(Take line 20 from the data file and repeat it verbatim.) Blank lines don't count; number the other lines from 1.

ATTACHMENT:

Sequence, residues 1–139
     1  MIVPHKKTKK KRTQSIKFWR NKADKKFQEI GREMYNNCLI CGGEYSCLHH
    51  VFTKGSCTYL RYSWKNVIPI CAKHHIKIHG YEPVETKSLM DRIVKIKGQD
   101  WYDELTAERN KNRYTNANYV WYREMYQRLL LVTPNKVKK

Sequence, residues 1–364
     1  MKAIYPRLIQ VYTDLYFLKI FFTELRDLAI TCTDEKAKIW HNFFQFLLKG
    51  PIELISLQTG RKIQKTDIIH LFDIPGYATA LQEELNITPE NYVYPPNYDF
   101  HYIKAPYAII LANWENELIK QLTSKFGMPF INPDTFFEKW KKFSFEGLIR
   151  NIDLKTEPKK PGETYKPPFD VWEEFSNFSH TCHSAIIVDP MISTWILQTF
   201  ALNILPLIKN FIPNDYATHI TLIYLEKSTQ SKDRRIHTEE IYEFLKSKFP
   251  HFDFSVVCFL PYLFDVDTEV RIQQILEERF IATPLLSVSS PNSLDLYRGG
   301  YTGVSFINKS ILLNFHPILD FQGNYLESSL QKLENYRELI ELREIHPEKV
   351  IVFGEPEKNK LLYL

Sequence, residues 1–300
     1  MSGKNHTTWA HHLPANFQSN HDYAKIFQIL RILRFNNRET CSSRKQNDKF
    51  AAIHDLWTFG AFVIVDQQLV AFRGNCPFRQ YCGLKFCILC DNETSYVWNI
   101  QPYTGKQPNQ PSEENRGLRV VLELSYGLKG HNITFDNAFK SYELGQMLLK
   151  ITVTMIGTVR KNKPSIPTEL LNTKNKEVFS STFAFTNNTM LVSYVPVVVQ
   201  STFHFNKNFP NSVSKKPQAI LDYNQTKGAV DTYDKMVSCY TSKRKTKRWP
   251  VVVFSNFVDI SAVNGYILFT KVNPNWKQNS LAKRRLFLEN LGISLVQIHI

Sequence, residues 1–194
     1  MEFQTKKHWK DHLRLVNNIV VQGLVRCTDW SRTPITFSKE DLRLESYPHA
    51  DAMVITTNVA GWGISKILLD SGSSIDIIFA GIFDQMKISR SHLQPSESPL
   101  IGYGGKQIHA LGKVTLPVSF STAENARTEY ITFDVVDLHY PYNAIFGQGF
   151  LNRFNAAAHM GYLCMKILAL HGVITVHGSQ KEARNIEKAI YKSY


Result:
   251  VVVFSNFVDI SAVNGYILFT KVNPNWKQNS LAKRRLFLEN LGISLVQIHI